The Monarch and the Viceroy

Viceroy (Limenitis archippus)

The other day, while photographing around Oliver Mill Colonial Park, I noticed an orange butterfly flitting around the walkway. Once I got my camera on it and took a picture, I recognized it as a Viceroy Butterfly due to the black band on the hind wings. Thinking to myself, I said that is a first since I could not remember taking any images of a Viceroy in the past. I notified my son, who was with me so he could also take pictures.

Viceroy (Limenitis archippus)
Viceroy (Limenitis archippus)

After downloading the images into LightRoom, preparing to create a keyword for the Viceroy, I found that I did have one previous picture of the Viceroy that I took in 2012.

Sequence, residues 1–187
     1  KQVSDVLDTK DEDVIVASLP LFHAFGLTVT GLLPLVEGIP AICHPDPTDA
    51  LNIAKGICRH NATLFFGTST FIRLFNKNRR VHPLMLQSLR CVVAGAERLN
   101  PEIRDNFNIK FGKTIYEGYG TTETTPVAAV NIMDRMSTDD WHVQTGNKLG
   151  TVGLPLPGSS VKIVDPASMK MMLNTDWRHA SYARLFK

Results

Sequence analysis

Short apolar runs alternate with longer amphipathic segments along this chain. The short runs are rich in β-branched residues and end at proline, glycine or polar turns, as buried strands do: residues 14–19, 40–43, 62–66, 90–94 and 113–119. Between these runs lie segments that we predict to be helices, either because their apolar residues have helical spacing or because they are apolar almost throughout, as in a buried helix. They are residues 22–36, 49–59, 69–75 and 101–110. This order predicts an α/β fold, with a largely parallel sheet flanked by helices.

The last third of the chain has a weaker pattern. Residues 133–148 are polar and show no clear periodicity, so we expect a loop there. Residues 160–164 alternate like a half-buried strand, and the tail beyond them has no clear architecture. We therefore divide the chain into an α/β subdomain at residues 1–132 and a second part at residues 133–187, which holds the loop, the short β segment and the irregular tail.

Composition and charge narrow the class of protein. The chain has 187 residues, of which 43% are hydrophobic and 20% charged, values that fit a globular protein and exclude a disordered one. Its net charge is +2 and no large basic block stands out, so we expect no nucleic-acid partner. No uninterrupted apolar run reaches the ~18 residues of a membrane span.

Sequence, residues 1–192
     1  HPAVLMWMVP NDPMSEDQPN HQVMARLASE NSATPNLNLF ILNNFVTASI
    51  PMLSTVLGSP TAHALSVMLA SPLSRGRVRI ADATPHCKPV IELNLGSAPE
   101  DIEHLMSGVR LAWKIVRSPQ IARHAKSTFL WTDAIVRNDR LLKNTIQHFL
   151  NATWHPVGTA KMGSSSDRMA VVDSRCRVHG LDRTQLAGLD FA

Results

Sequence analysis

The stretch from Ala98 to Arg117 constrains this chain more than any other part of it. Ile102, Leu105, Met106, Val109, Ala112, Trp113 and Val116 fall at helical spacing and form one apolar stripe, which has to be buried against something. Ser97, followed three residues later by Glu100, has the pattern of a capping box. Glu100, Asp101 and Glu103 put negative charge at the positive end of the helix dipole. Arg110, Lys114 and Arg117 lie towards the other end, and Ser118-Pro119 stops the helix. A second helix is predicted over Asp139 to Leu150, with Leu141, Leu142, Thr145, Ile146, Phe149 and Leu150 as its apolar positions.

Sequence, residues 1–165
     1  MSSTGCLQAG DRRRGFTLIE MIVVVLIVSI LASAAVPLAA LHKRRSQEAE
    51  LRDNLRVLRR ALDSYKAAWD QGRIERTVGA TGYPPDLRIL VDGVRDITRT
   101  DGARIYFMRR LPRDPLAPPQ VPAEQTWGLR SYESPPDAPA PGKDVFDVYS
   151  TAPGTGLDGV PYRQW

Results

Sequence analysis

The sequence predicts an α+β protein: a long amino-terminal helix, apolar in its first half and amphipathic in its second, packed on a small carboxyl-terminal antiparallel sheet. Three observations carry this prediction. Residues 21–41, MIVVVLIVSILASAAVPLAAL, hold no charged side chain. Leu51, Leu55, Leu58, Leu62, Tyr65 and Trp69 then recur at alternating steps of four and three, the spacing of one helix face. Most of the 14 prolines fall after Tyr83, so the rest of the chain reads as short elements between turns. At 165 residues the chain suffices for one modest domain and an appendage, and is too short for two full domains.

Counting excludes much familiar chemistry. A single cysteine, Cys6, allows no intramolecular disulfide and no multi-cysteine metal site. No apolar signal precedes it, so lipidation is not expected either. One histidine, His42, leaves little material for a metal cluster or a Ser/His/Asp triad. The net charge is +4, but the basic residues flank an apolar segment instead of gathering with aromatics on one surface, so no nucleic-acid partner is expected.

To show the difference Between a Viceroy and a Monarch, I clicked on the Monarch keyword in LightRoom and brought up a large selection. Much to my surprise, when I looked at the first few images, I saw that it was not a Monarch but a Viceroy that I had taken back in 2010. I just labeled them wrong.


The reason for the look-alike between the 2 different butterflies is the Monarchs are poisonous while the Viceroys are not. This is to help the Viceroy survive in the wild. Monarch butterflies store a poison called Cardiac Glycosides that they had ingested by feeding on the leaves of the milkweed foliage in their larval stage. These are sometimes harmful to its vertebrate predators but ineffective on invertebrate predators. The toxic effect on vertebrates, however, depends on the level of intake. These toxins provide these butterflies with a poisonous defense against its predators such as lizards, birds, and frogs

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